Ransomware operators’ earnings consisted more than $350,000,000 in 2020

Ransomware operators' earnings
Written by Emma Davis

According to a study by the analytical company Chainalysis, the earnings of ransomware operators consisted more than $350,000,000 in 2020. These disappointing statistics were compiled by observing bitcoin address transactions associated with attacks by various ransomware.

While Chainalysis has one of the most comprehensive datasets of cryptocurrency-related crime, the company points out that this estimate is likely only a lower bound on the sums that is earned by hackers.

The fact is that not all victims publicly reported ransomware attacks and ransom payments, so the real incomes of the attackers could be many times higher than the amounts known to researchers.said the Chainalysis experts.

In 2020, ransomware attacks accounted for only 7% of the total number of crimes related to cryptocurrencies, but the total amount of ransom payments that were paid increased by 311% compared to 2019.

Analysts explain this in a very simple way: the number of ransomware is still growing, and not only new threats have appeared on the market, whose operators demand huge sums from the affected companies, but several previously known malwares have sharply increased their activity and profits.

Ransomware operators' earnings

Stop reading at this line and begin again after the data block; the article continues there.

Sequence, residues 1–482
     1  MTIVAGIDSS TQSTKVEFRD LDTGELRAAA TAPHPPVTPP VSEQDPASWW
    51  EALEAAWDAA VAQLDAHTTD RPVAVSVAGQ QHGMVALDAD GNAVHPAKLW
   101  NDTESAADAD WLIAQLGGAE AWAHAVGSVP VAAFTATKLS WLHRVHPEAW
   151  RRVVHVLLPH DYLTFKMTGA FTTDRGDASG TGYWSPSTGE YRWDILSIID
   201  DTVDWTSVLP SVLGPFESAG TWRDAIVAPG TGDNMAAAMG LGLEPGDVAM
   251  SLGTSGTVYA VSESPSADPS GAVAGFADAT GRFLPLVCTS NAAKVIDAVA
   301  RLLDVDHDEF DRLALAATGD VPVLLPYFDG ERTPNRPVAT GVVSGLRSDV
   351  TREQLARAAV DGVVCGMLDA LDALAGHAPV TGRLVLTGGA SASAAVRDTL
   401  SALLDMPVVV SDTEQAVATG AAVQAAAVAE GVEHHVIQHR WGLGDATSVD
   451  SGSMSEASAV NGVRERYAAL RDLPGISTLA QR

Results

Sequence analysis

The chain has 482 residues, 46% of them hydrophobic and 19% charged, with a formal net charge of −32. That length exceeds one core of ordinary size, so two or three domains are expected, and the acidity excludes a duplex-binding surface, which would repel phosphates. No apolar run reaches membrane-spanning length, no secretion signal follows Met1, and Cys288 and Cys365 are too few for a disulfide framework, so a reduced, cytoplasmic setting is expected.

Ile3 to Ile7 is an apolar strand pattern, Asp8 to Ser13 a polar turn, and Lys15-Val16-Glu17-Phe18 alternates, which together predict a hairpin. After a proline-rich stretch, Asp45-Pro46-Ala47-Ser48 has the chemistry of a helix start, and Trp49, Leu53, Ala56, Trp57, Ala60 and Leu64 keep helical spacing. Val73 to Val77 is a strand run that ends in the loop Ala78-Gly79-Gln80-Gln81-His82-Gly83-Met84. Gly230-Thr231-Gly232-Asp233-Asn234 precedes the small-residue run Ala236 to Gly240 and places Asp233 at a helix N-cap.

According to Chainalysis, hack groups such as Ryuk, Maze (no longer active), Doppelpaymer, Netwalker (recently the authorities attempted to liquidate it), Conti and REvil (aka Sodinokibi) boasted to have conducted the most profitable operations of last year. Snatch, Defray777 (RansomExx) and Dharma ransomware also brought millions of dollars to their operators.

Ransomware operators' earnings
Based on information about how victims paid ransoms, as well as how profits in the RaaS (Ransomware-as-a-Service, Ransomware-as-a-Service) sphere grew and fell, experts conclude that, in general, the ransomware scene has far fewer attackers than originally intended. The fact is that criminals are constantly switching from one RaaS to another.

With regard to laundering the money received, hackers still use special mixing services for this, and then forward the cryptocurrency to both legitimate and well-known exchangers and to high-risk services for converting to fiat.

For example, the Chainalysis report says that 82% of all ransomware “proceeds” in 2020 went through just five exchange portals. In theory, in the future, law enforcement agencies can put pressure on these exchanges and thereby affect the work of many ransomware.

Let me remind you that the ransom amount in the ransomware attacks decreased by one third due to companies’ refuse to pay.

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About the author

Emma Davis

I'm writer and content manager (a short time ago completed a bachelor degree in Marketing from the Gustavus Adolphus College). For now, I have a deep drive to study cyber security.

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